Craig Anderson wonders if he played his last game with the Ottawa Senators, if not the last in his NHL career.
“I’m sort of trying to stay in the moment as best as I can,” said Anderson. ” [And] focus on the assumptions with what we are going through until the current season. … Can we come back and finish our season? “
Anderson, who turns 39 on May 21, may become an unrestricted free agent after this season, but said he was not looking that far.
“We will cross the bridge of the future on the road, but for now, I miss the match like crazy,” he said. “I want to be on the ice. I want to be with my teammates. Right now, that’s how I look, it’s that I want to compete and love what I do every day. “
Video: TBL @ OTT: Anderson happily renounces redirection
Anderson said he knew the Senators’ 3-2 defeat to the Los Angeles Kings on March 11 could have been his last game with Ottawa. Anderson, in his 10th season with the Senators, is their leader game by a goaltender (435) and wins, having passed 202-168-46 with a 2.83 goals-against average and save percentage of, 914.
He’s 11-17-2 this season with a 3.25 GAA and a save percentage of .902.
“I’m just rolling things up right now and letting the chips fall where they can,” said Anderson. “As an individual, I hope we can go back and play and finish the year, but it is beyond my control.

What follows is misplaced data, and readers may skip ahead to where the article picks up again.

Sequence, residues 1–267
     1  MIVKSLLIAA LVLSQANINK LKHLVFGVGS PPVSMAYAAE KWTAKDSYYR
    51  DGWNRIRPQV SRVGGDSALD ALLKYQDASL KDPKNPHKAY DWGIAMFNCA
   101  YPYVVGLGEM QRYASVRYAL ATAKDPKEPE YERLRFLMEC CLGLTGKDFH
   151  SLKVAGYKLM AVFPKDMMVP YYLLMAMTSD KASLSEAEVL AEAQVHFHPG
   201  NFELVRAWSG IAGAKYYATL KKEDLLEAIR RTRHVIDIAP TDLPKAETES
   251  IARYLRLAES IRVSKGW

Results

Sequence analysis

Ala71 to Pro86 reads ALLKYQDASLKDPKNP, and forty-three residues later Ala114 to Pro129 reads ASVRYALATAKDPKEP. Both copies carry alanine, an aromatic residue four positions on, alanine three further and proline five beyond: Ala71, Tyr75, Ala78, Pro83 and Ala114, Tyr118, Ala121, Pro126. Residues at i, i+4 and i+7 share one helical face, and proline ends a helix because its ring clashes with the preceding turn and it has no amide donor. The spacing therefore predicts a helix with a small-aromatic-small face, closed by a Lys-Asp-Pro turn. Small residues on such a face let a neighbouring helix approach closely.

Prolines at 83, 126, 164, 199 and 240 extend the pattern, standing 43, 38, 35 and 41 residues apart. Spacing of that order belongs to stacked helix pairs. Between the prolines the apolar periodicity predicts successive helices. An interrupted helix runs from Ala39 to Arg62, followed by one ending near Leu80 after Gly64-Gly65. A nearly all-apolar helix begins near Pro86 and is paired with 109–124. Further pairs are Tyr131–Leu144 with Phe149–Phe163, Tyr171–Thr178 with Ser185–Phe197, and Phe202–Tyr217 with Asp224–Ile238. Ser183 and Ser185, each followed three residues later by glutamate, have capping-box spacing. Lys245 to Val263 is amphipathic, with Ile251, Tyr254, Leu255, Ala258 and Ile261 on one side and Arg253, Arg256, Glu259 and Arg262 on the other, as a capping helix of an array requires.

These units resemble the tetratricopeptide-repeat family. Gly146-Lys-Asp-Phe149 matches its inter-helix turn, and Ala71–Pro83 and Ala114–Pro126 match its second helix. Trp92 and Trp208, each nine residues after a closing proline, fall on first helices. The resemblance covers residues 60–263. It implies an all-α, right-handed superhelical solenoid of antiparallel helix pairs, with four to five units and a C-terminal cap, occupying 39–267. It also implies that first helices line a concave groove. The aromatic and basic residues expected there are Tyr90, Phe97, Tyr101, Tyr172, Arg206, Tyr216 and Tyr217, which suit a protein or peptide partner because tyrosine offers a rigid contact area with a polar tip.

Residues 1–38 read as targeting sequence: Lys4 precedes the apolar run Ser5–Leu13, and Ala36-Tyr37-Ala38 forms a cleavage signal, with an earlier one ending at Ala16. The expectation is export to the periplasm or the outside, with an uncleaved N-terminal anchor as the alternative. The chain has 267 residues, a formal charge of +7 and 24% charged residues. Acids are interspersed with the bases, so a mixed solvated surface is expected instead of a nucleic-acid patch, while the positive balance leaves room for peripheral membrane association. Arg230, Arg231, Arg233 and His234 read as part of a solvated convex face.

“If it was something I may have done to [mess] things for me, I would be in a different boat, but right now I’m not too concerned about that. [My future] is not under my control, so I don’t want to put too much energy into this stuff. “
Anderson, who is 289-251-67 with two ties in 17 NHL seasons with the Senators, Chicago Blackhawks, Florida Panthers and Colorado Avalanche. said he had a plan for life after his playing days.
“There will always be an involvement in motorsport at some point,” said Anderson. “The trail is where my brother and dad and I go. This is our place. “
Anderson, who drove stock cars on tracks in the Ottawa Valley, found a way to channel his love of racing during the pandemic. His company A41 eSports organizes simulated races in which the public can participate.
“The virtual world, sim racing, professional pilots go there and refine their tools without going on the track,” he said. “I would like to think that I use sim racing to learn different tracks, different cars. We will see where it goes. “